Instructions and Sequence for Using the Atom Board

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1 Instructions and Sequence for Using the Atom Board Bohr s atomic model is a representation of protons, neutrons, and electrons and their relationships within an atom. Because these particles are so small and so far apart, it would be impossible to diagram an atom and still have the particles visible on your board. For this reason, the models you build here are intended only to illustrate the overall structure of the atom, without giving an accurate representation of the relative scale of the particles within the atom. The following example may help in showing the relative sizes and distances of the parts on an atom. If the nucleus were the size of a basketball, the nearest electron would be about 8 miles away. (Stanton and Stinson 1 st edition, p. 8) As you explore your board you will notice that the center is constructed to hold a small bowl (not supplied). This bowl will hold the particles that make up the nucleus of the atom. Immediately outside the nucleus, you will notice the first ring of electrons, followed by successive rings. These rings are also known as electron shells. Electron shells are named using letters, beginning with K. The first shell is ring K, and it may contain one or two electrons. The next electron shell is known as shell L and it may between one and eight electrons. The ring immediately after L would be named M. This shell can contain up to 18 electrons. Electron shell N may contain up to 32 electrons. Particles: The nucleus is made up of protons and neutrons. We have provided two sets of colored stones (30 each) to represent these particles. Usually protons are colored red, while neutrons are colored blue. Electrons are colored white. If you were constructing the atom of the element Carbon, you would begin by taking out the card that contains the information on that element. Looking at the card, you would notice that the atomic number for Carbon is 6. A stable Carbon atom would contain 6 of each of the atom particles: 6 protons, 6 neutrons, and 6 electrons. The atom board is designed to allow your students to construct atoms for all the elements on the periodic table and most of their isotopes. From the Periodic table curriculum (ELC-4050) and the Upper Elementary Chemistry Curriculum (ELC- 4052A) the students should know the following terms: Atomic Number Atomic Mass Group Number Period Number The atomic number is the numberyou will be concentrating on. Remind the students that the atomic number is the number of protons found in the nucleus of an atom. Usually it is represented by the letter Z. The atomic number is a unique identifier of a chemical element. That means that each element on the periodic table will have its very own atomic number. No two elements have the same atomic number. You may also want to remind them that in an atom of 1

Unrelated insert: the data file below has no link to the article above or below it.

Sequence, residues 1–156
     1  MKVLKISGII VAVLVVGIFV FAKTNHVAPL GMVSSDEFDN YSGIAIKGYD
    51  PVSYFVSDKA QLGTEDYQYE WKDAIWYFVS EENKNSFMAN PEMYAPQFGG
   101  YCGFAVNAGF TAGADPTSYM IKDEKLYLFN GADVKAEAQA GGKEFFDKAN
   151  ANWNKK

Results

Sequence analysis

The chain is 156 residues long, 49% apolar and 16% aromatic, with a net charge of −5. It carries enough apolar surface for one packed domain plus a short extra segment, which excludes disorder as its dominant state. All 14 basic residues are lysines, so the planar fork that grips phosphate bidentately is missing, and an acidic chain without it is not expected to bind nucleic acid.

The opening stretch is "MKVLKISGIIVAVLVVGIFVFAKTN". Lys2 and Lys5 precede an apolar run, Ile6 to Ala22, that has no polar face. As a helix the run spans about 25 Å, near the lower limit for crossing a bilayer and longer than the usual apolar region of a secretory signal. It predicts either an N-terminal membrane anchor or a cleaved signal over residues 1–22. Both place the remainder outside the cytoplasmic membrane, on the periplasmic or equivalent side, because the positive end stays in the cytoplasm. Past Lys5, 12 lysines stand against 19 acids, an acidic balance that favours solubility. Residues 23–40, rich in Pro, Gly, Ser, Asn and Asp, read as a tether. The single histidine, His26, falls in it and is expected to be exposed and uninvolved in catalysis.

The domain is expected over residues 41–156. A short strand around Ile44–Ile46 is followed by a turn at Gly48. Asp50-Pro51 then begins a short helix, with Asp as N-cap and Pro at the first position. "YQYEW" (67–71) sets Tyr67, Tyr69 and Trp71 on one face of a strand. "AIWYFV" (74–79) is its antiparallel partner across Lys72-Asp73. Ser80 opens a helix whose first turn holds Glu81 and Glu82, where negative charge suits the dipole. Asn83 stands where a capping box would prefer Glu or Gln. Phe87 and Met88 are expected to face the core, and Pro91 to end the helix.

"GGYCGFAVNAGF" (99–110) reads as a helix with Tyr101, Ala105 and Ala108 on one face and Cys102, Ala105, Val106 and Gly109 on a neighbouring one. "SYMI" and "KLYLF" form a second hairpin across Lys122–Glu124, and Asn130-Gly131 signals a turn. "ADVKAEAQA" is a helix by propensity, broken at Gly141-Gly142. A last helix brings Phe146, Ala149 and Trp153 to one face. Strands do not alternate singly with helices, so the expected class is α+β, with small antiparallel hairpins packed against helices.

2 neutral charge, the atomic number is equal to the number of electrons. Be very careful not to confuse the atomic number with the mass number. The mass number is usually represented by the letter A and is the total number of protons and neutrons in the nucleus of the atom. You will notice that the atomic mass number is also located on the cards and it usually is a number that is about twice that of the atomic number. Presentation: Begin by selecting an atom card. For all practical purposes of this presentation, we will assume that you have chosen the Carbon (C) element card. The atomic number of the element is 6; therefore, you know that the nucleus of this element will have 6 protons. In the following you will find the sequence for a regular presentation as well as that for the more advanced students who are being introduced to isotopes. Isotope presentation will be in italics. Begin by placing one proton in the nucleus. Say: You have the nucleus of a Hydrogen atom, but to balance the atom you must add 1 electron. Place one electron in the K shell and say: We now have a balanced Hydrogen atom. To change to a different element, we must add or remove protons. We want to create a Carbon atom so we will add protons. (For isotope presentations say: We now have a balanced Hydrogen atom. This element has 0 isotopes. To create an isotope, we must add or remove neutrons. Since this element does not have any neutrons, we cannot create any isotopes. ) Place a second proton in the nucleus. Say: We now have enough protons for a Helium atom. Show the Helium atom on the periodic table and say But to make it a regular and stable atom, we must add 2 neutrons. Add one neutron at a time in the nucleus. (For isotope presentation, add one neutron and say: We now have the nucleus of a Helium 3 isotope atom, but to balance the atom, we must add one 1 electron. Add one electron and say: We now have a balanced Helium 3 isotope atom. To change to a different element we must add or remove protons. This element has 1 isotope. To create an isotope, we must add or remove neutrons. Place a second neutron in the nucleus and say: We now have a balance Helium atom. Say: We now have the nucleus of a Helium atom, but to balance the atom, we must add 1 electron. Place a second electron in shell K. 2